But if you maintain the design history file in-house, or if you’re working on a Class I device, Hatch offers a nuanced view of medical device experience among designers. “There’s a discussion happening in our field around whether industrial designers need accreditation and/or experience in order to work on medical devices.”
He says that the obvious benefits of such experience include a greater likelihood that the project will pass the industry’s tight regulations and be well-suited for its complicated legal issues. But, the potential downside focuses on the core of the outside designer’s value to the project: fresh perspective.
“There’s a lot of home care happening, where you need remote monitoring or self-diagnosis,” said Hatch. “In those situations, would a designer more used to dealing with consumer products be better? They know how to focus on that friendly, user-led experience rather than on an experience led by a nurse or working professional. Zero (medical device) experience may actually offer better perspective and ideas. But it’s a discussion that hasn’t been resolved.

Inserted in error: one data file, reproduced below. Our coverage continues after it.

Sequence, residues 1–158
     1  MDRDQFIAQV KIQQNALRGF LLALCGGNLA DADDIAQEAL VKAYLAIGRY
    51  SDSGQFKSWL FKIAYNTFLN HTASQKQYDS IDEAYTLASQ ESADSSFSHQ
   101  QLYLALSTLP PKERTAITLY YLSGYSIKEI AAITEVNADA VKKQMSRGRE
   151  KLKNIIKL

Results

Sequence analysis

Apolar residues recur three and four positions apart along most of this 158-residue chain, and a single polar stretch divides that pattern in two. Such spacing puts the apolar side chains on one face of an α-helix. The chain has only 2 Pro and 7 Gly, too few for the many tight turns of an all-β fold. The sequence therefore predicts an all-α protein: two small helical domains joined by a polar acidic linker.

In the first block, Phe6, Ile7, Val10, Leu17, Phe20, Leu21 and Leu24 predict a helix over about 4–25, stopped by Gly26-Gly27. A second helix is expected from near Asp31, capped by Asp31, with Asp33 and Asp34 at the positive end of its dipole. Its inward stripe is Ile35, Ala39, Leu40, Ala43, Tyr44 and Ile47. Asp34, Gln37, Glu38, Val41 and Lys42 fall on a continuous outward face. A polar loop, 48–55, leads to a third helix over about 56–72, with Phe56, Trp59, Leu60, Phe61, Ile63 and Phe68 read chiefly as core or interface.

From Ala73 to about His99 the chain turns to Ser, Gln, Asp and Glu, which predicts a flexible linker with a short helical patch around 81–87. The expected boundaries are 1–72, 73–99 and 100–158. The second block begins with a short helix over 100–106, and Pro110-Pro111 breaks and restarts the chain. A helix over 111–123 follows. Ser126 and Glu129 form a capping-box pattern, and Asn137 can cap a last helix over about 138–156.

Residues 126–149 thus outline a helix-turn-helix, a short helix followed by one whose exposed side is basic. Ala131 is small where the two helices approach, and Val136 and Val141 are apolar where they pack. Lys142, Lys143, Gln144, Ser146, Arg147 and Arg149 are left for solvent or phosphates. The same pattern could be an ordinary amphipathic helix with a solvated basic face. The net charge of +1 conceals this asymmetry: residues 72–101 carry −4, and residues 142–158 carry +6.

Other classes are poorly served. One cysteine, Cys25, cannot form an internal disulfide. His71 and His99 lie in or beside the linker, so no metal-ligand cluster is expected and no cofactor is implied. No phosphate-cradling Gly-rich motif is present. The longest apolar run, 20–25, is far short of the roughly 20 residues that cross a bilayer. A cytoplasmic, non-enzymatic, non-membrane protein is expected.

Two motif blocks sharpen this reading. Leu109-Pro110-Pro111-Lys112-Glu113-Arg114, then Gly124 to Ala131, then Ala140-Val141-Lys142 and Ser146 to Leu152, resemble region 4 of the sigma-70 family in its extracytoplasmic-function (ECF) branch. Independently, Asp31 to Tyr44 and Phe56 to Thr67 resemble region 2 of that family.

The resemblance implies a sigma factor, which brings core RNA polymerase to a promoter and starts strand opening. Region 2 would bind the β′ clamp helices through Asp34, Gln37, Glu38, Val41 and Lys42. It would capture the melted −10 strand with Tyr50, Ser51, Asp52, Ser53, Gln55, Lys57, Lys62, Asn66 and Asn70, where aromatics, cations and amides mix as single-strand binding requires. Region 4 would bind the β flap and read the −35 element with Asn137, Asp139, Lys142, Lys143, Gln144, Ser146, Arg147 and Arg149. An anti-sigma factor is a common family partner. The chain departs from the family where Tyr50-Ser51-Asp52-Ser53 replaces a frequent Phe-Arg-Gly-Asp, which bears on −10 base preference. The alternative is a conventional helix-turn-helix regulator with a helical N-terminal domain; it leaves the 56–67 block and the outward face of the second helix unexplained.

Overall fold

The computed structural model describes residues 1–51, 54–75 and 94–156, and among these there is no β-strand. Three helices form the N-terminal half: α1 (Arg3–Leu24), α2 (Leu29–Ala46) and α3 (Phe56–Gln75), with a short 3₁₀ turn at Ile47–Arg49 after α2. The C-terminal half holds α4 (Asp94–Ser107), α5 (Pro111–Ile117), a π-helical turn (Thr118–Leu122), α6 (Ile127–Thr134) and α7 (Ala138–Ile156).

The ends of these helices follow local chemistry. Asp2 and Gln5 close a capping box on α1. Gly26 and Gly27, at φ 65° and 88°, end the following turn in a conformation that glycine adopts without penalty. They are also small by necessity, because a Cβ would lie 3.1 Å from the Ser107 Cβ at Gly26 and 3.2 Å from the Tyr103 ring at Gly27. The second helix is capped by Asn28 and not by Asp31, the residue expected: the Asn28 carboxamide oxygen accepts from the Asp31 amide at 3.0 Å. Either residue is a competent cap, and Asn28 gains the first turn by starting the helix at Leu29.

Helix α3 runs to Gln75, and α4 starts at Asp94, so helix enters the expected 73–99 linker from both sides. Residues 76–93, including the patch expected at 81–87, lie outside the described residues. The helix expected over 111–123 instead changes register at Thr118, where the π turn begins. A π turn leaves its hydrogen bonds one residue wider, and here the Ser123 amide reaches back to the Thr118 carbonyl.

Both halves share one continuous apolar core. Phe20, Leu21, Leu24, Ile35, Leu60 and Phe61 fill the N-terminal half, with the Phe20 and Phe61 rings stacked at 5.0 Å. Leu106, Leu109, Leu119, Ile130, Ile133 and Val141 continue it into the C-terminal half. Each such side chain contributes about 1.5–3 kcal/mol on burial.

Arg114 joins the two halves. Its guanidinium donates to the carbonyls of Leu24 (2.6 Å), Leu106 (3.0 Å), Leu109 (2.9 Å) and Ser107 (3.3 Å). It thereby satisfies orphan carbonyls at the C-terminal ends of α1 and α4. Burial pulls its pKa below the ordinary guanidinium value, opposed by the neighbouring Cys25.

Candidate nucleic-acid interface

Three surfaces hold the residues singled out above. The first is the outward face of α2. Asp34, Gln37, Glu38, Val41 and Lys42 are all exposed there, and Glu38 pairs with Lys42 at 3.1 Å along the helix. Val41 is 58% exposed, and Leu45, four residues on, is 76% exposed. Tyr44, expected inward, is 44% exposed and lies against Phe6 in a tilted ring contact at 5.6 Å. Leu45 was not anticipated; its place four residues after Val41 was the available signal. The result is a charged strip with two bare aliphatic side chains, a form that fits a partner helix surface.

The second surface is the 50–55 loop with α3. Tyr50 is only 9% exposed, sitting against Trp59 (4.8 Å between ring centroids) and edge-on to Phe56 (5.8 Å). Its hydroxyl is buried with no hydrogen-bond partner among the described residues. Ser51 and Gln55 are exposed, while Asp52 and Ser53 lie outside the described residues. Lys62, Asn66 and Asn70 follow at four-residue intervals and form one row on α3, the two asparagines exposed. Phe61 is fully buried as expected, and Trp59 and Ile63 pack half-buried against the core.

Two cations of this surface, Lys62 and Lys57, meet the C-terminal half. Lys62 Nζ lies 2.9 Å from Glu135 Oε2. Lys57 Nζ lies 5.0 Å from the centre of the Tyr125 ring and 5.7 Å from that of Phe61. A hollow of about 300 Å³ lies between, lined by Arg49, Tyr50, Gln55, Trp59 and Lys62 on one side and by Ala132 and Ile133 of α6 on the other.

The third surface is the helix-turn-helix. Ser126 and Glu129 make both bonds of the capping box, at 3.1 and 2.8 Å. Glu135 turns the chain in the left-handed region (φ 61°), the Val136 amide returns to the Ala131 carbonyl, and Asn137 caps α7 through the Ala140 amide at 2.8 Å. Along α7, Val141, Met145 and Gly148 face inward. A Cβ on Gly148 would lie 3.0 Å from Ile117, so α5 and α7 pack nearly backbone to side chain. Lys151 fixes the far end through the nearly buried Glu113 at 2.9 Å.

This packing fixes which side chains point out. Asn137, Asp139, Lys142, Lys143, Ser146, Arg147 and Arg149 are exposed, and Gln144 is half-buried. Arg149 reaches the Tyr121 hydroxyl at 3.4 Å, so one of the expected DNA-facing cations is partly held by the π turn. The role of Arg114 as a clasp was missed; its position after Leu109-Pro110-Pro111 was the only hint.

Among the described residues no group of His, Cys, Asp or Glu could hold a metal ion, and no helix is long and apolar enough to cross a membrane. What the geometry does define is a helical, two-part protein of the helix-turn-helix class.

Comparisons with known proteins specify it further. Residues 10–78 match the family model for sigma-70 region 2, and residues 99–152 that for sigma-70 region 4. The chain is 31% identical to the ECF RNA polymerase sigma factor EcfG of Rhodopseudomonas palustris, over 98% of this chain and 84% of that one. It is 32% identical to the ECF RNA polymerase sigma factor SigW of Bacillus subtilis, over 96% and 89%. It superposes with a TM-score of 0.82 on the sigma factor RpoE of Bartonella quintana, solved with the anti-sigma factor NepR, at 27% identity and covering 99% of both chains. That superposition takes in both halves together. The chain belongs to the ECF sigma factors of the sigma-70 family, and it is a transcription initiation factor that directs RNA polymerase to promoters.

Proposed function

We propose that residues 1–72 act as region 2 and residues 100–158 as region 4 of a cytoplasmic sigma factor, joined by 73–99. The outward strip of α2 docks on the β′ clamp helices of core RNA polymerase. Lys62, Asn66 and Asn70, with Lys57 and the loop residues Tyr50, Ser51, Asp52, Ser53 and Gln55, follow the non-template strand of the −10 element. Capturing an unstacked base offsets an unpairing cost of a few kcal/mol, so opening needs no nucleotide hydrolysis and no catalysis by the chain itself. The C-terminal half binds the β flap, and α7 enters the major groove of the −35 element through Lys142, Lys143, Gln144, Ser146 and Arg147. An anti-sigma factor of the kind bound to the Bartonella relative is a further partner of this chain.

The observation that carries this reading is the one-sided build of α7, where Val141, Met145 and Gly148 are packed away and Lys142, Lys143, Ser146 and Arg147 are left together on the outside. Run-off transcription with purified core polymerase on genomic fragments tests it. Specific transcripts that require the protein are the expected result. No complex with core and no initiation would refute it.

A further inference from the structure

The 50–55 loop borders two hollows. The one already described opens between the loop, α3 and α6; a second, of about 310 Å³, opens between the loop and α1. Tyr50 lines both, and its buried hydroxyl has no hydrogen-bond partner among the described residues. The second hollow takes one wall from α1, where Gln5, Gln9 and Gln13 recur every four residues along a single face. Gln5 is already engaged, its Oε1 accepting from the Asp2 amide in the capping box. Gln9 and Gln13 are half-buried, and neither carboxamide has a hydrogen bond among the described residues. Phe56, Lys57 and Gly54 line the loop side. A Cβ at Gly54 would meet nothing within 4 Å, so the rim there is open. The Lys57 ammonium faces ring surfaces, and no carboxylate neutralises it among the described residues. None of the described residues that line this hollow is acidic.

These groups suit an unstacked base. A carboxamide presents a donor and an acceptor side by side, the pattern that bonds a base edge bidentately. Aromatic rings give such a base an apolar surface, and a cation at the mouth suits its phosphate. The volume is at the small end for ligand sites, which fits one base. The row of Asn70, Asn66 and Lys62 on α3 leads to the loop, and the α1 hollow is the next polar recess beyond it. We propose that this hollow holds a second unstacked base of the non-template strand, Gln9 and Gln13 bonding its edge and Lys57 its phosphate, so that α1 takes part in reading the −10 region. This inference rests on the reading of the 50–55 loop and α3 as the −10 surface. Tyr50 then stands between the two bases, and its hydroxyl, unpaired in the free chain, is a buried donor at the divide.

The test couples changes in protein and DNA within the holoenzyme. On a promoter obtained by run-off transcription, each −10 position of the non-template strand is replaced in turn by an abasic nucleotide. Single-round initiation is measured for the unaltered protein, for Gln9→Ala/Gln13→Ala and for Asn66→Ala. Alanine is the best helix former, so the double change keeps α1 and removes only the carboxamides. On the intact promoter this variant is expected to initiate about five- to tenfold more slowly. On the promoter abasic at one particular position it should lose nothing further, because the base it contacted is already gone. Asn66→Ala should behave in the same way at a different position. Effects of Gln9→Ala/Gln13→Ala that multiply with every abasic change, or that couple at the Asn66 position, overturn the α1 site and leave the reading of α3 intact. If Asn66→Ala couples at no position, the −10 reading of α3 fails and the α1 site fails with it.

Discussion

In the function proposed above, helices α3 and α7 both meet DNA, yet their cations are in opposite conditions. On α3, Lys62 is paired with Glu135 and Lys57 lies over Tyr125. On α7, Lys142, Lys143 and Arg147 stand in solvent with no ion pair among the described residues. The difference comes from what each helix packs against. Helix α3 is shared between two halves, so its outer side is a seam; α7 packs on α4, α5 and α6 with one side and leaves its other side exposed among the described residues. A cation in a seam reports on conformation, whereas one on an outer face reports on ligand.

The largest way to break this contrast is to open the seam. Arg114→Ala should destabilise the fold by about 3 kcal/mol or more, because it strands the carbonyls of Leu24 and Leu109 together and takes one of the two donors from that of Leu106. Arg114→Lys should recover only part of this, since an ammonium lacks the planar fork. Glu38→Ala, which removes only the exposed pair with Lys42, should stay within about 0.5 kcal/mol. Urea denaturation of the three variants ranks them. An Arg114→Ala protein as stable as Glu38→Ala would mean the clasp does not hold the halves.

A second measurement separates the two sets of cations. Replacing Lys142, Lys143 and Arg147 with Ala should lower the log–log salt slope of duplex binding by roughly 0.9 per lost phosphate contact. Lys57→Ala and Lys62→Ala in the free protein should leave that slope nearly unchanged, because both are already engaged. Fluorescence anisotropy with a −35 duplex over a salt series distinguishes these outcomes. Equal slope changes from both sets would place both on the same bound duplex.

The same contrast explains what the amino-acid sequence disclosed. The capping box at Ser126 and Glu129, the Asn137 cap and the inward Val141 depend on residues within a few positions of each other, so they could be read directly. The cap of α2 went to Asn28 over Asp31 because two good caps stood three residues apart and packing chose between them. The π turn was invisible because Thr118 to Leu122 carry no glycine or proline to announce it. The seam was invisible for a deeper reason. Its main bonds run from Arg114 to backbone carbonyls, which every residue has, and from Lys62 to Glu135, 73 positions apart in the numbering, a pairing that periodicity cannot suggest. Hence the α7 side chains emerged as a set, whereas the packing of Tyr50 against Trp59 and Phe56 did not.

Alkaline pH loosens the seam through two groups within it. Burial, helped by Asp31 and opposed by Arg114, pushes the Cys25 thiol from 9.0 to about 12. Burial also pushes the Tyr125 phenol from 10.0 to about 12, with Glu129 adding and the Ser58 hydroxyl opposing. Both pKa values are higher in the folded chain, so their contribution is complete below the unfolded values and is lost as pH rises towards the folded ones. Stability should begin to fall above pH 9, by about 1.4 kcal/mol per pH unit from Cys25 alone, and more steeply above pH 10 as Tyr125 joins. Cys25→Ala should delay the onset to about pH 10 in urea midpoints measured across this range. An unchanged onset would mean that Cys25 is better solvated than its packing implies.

“At end of the day, I don’t think there’s a fast rule to it.”
That’s the reality for all partnerships. Selecting a partner is all about fit, a subjective thing that can’t be defined by a formula. Mazzucco added that he pays close attention to how the design firm works with ZSX well before they ever sign a contract. Do they communicate clearly, and follow up promptly, and think through situations properly?
“No one is ever more eager to please than when they want your business,” said Mazzucco. “So, if they’re not delivering when they are trying to win your business, there’s no chance they’ll deliver after they have it.”
Still, he acknowledges that sometimes it simply comes down to instinct. And he particularly pays attention when a potential partnership doesn’t feel right. “On occasion, my gut has been wrong when it says something is a great idea. But, my gut is almost never wrong when it says something is a bad idea.”
This is an excellent rule to follow when beginning any working partnership. It can mean looking forward to a future of accomplishment and success for both parties instead of a future of continual frustration.